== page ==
When Ryan Dobson first arrived on the scene of the wildfire that almost completely destroyed the village of Lytton, B.C., it reminded him of his time with the Calgary Police homicide unit.
“You would attend a location with a body or bodies present, the area was cordoned off, and you began the process of accumulating evidence,” said Dobson, a fire and explosion investigator with forensic engineering firm Origin and Cause. “I recall how oddly serene even the worst homicide scenes were, where you stood alone in a room that appeared frozen in time. Lytton looked and felt just like that to me.”
The Lytton wildfire was just one of nearly 1,600 (as of Sept. 4) that burned this year in B.C. The fire burned down about 90% of the village, resulting in 300 claims, the majority of which were related to residential properties. Initial insured damage was pegged at about $78 million.
From an investigation standpoint, “it was clear the size and scope of the investigation was going to be challenging, simply because of the ongoing fire situation in the surrounding mountains,” Dobson said. “I watched daily as changing wind direction moved active fires, visible to me in all directions, along with temperatures in the high 30s — and three days above 40°C — allowing for conditions to be favourable for increased fire activity.”
Just before the June 30 Lytton wildfire, the village set the all-time Canadian heat record for three days in a row, culminating in a high of 49.6°C. A historic and dangerous heatwave led to the formation of a “heat dome” that stretched across western Canada and the northwestern U.S., said Michael Young, a wildfire expert and vice president of model product development at Risk Management Solutions Inc. (RMS).
Due to the hot and dry conditions, “anything exterior on fire has had the opportunity, with the added factors of time and wind, to spread quickly,” Dobson said. “With that, I have noted that many fires investigated have been more destructive as a result.”
The cause of the fire remains under investigation, but there was speculation that it could have been caused by a passing train. There are a number of parties investigating, including the RCMP, Transportation Safety Board of Canada and the B.C. Wildfire Service.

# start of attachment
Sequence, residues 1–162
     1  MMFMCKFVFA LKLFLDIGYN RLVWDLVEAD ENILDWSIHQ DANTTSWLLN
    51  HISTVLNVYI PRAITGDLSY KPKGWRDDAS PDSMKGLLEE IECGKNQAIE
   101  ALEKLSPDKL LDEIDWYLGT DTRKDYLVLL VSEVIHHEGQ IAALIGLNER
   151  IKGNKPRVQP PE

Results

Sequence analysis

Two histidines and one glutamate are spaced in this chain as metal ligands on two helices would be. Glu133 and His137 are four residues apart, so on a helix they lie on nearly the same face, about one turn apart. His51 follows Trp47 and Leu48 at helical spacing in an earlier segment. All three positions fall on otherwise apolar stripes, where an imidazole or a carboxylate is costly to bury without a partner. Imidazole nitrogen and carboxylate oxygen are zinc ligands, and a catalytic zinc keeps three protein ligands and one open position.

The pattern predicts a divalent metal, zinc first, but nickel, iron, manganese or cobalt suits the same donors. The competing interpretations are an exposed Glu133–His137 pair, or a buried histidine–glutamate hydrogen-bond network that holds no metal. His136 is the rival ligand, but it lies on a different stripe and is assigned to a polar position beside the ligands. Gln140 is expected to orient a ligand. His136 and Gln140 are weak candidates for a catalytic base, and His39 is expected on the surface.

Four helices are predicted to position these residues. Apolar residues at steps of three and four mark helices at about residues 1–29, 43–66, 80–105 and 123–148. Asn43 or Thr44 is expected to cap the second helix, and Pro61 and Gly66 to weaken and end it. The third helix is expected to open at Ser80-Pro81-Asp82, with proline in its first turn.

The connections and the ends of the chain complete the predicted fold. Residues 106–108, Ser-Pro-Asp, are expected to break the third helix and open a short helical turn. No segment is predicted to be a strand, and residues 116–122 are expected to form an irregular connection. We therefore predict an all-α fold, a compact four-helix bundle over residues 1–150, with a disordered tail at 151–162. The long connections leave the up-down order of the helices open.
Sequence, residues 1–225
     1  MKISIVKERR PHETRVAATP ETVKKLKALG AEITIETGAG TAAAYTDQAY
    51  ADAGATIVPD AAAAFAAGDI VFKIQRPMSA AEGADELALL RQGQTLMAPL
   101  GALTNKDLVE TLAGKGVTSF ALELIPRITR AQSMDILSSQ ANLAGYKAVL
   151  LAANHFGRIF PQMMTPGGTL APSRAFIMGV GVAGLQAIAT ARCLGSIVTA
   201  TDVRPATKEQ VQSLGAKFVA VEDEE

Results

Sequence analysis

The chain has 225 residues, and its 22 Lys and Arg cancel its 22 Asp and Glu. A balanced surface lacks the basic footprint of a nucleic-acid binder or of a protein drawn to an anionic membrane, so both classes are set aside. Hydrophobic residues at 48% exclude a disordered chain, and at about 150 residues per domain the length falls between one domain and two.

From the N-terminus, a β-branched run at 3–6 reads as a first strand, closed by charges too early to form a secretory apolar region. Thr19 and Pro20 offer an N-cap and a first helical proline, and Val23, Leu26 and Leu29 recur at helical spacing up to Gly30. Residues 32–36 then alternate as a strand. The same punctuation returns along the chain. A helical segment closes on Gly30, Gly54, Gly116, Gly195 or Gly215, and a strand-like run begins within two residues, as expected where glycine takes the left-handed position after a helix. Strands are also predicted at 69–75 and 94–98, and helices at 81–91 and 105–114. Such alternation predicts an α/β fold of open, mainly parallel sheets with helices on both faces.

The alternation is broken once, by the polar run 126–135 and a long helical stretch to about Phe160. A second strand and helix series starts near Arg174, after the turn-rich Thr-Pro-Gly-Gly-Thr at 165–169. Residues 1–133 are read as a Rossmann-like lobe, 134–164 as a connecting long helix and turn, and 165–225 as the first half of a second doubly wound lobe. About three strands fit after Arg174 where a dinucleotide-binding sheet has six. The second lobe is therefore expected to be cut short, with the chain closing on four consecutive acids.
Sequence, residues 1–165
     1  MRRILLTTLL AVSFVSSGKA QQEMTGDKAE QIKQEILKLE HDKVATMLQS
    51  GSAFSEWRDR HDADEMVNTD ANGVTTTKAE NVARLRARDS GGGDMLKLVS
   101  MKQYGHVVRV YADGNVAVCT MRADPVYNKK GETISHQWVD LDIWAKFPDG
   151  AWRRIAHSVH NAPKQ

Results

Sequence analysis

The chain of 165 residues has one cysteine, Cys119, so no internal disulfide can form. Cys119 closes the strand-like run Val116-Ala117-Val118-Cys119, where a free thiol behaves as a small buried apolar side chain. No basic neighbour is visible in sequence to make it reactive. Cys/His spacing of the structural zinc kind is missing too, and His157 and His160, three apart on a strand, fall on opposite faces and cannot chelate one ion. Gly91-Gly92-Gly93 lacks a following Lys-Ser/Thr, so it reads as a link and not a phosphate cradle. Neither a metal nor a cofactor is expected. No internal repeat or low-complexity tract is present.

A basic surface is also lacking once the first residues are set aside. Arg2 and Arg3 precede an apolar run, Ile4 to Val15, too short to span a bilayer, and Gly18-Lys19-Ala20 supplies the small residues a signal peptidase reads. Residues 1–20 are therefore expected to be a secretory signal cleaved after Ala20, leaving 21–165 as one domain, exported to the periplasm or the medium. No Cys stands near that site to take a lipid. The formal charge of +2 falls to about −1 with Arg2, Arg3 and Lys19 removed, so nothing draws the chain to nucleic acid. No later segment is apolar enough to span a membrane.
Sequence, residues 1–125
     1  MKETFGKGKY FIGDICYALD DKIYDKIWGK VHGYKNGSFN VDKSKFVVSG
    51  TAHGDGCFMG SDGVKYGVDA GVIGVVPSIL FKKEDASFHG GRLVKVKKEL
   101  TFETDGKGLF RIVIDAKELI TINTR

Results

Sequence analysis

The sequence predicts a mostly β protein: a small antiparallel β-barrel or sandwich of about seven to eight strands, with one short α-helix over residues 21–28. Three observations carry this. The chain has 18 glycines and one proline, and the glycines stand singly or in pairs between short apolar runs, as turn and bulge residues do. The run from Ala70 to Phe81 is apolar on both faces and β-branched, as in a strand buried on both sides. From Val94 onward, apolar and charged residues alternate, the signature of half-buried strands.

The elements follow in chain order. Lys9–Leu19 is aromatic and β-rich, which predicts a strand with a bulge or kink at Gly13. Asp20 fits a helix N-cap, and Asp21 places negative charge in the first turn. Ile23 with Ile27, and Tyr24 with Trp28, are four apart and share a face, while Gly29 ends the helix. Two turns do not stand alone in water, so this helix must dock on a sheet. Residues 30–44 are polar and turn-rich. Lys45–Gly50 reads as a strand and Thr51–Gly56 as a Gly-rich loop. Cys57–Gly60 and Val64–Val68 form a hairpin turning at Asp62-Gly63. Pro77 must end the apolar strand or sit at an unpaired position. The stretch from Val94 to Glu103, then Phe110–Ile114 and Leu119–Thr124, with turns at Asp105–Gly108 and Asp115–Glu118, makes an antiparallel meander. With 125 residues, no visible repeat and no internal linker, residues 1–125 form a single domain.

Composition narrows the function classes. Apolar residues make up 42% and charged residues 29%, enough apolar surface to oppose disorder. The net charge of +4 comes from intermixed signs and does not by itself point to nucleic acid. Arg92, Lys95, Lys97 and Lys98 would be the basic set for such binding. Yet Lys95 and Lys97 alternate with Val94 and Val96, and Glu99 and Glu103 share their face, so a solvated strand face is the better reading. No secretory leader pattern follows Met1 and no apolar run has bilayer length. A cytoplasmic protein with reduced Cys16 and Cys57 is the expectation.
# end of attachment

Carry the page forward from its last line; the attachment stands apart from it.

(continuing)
“The evidence-gathering phase will be ongoing for some time,” Dobson said. “With that said, I am confident that, with the team assembled, we will uncover the facts that will provide answers to the insurers and insured.” He added that Origin and Cause is investigating on behalf of the majority of insurers in the community and is “fully aware” of residents that have no insurance.
This year’s wildfire season is already one for the record books. Between April 1 and Aug. 23, 2021, the province saw 1,539 wildfires and nearly 863,000 hectares of area burned, said Anita Paulic, director of operations and catastrophe response with ClaimsPro in Vancouver. The area burned is more than double the 10-year average of 347,104 hectares burned for a full fire season.
This year’s number of wildfires is also already a couple hundred more than the 10-year average of 1,356.
“There are at least six to eight weeks still to go this year,” Paulic said on Aug. 24. “The fires burning now are bigger and hotter, where the season starts earlier and ends later. Just hearing that firefighters with years of experience are saying they’ve never seen anything like it before is a good indication of what we’re up against out here.”
As of Aug. 5, B.C. had 63 evacuation orders and 103 evacuation alerts, affecting more than 4,200 properties. Six weeks later, more than 21,000 properties remained on evacuation alert.
Claims adjusters are seeing everything from additional living expenses (ALE) to business interruption to total-loss house fires, Paulic said.
For Shane Swinson, senior vice president, insurance portfolio at First Onsite Property Restoration, ALE was the biggest impact claims-wise as of early August. The real area of concern, Swinson added, was smoke and poor air quality.
“As we now get into rain season, the new threat will be mudslides and flooding,” Paulic said. “We have had record heat here in B.C. this summer, and little precipitation. Although we are welcoming the cooler temperature, [it also poses] an issue.”
The vegetation, in an already dry season, has not had time to recuperate from the fires, Paulic explained. This is causing damaged hillsides to act as runoffs for water into valleys.
“Homes may have been salvaged from fire, but are now exposed to mud if heavy rain persists,” she said.